# Derived analytic function from real part

I saw Ahlfors's book Complex Analysis. It mentioned that analytic function $f(z)$ can be derived from a given real part $u(x,y)$, where $x$ and $y$ are real.

It said that $$u(x,y)=\frac{1}{2}[f(x+iy)+\bar{f}(x-iy)]. \tag{1}$$

However, it mentioned that it is 'reasonable' that (1) holds even when $x$ and $y$ are 'complex'. Why?

I think that, if $x$ and $y$ are real, then real part $u(x,y)$ should be written down by $$u(x,y)=\frac{1}{2}[f(z)+\bar{f}(\bar{z})], \tag{2}$$ where $z=x+iy$.

Hence, if $x$ and $y$ are complex, (2) should be equal to $$u(x,y)=\frac{1}{2}[f(x+iy)+\bar{f}(\bar{x}-i\bar{y})]. \tag{3}$$ It confused me for a long time. Please help me.

Thanks!

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Try some examples to see what is happening. $u$ has to be harmonic, so try for example $u(x,y) = x^2-y^2$ which corresponds to $f(z) = z^2$. – GEdgar Jul 21 '11 at 0:40
@ GEdgar. Thanks for your comment. I try your example. Assume that (1) holds when $x,y$ are complex. Then right-hand side of (1) is $1/2[(x+iy)^2+\overline{(x-iy)^2}]=1/2(x^2-y^2+2i\,x\,y)+1/2(\overline{x^2}-\ove‌​rline{y^2}+2i\,\bar{x}\,\bar{y})$, which is not equal to the left-hand side $x^2-y^2$. What's wrong with my argument? – Paul Jul 21 '11 at 15:27
The function $u$ is defined on $\mathbb{R}\times\mathbb{R}$ hence the assertion that (1) holds for $x$ and $y$ complex is mysterious to me. – Did Jul 21 '11 at 16:33
@Didier: As Ahlfors remarks in this derivation, for this method to work $u$ must make sense for complex values. For example $u$ could be a rational function of $x$ and $y$. Ahlfors 2nd edition, Chapter 2, the end of section 1.2. – GEdgar Jul 21 '11 at 17:04
@GEdgar: Thanks for the explanation. To be a rational function of $x$ and $y$ is a well defined condition but to make sense for complex values is not. For example $u(x,y)=0$ for every real values $x$ and $y$ coincide with $U$ defined by $U(z_1,z_2)=z_1-\bar z_1$ for every complex values $z_1$ and $z_2$. One sees that $u$ makes sense for complex values in a lot of different ways (although $U$ is probably not the one to have in mind here...). – Did Jul 21 '11 at 17:12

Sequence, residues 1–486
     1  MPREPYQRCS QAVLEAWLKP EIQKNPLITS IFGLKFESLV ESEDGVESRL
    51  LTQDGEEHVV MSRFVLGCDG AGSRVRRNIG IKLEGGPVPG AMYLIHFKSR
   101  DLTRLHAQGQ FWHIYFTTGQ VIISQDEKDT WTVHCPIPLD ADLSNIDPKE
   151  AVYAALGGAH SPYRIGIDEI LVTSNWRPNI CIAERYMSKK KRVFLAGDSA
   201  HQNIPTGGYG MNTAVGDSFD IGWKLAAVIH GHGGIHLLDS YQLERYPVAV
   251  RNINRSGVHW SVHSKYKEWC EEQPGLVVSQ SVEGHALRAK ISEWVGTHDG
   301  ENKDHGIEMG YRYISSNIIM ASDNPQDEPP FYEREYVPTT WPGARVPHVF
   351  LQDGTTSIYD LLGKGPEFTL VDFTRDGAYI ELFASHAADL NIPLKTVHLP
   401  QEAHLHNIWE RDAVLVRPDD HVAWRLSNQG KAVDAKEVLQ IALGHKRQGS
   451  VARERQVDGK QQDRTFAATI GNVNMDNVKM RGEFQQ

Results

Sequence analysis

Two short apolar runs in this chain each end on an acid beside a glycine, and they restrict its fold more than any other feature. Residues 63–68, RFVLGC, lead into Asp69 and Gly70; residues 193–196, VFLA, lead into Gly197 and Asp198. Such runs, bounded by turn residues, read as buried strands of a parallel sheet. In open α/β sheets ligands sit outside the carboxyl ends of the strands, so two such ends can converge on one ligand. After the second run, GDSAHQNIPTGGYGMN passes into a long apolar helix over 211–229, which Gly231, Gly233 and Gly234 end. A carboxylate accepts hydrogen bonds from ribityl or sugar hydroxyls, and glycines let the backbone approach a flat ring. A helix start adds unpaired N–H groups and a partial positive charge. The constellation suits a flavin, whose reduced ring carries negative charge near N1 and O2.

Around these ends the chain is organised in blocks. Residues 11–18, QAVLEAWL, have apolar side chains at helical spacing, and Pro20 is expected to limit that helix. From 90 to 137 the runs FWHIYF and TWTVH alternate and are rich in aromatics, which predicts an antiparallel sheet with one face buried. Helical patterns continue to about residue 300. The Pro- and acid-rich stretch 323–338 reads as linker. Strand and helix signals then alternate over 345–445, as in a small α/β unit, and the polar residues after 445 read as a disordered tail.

The way it is used here, given a function $f$, a new function $\overline{f}$ can be defined by $$\overline{f}\big(z\big) = \overline{f(\overline{z})} .$$ For example, if $f$ is a polynomial, change all coefficients to their complex conjugates, but leave the variable alone.
Let's try $f(z) = z^2$ as I suggested above. So $\overline{f}(z) = z^2$. Then $f(x+iy) = (x+iy)^2 = (x^2-y^2)+2ixy$; $\overline{f}(x-iy) = (x-iy)^2=(x^2-y^2)-2ixy$; so $$\frac{1}{2}\big[f(x+iy)+\overline{f}(x-iy)\big] = x^2-y^2 .$$ As required, this holds even for complex $x$ and $y$.
Sorry it still confused me. As you said that if $\bar{f}(z):=\overline{f(\bar{z})}$, then $\bar{f}(z)=z^2$. Why did you take $z=x-iy$ into that? $z$ should be $x+iy$? Thanks! – Paul Jul 22 '11 at 1:17
The formula (1) has $x-iy$ in it. That is why I used it. Here, $x,y,z$ are all just variables, not assumed to be related to each other. – GEdgar Jul 22 '11 at 15:12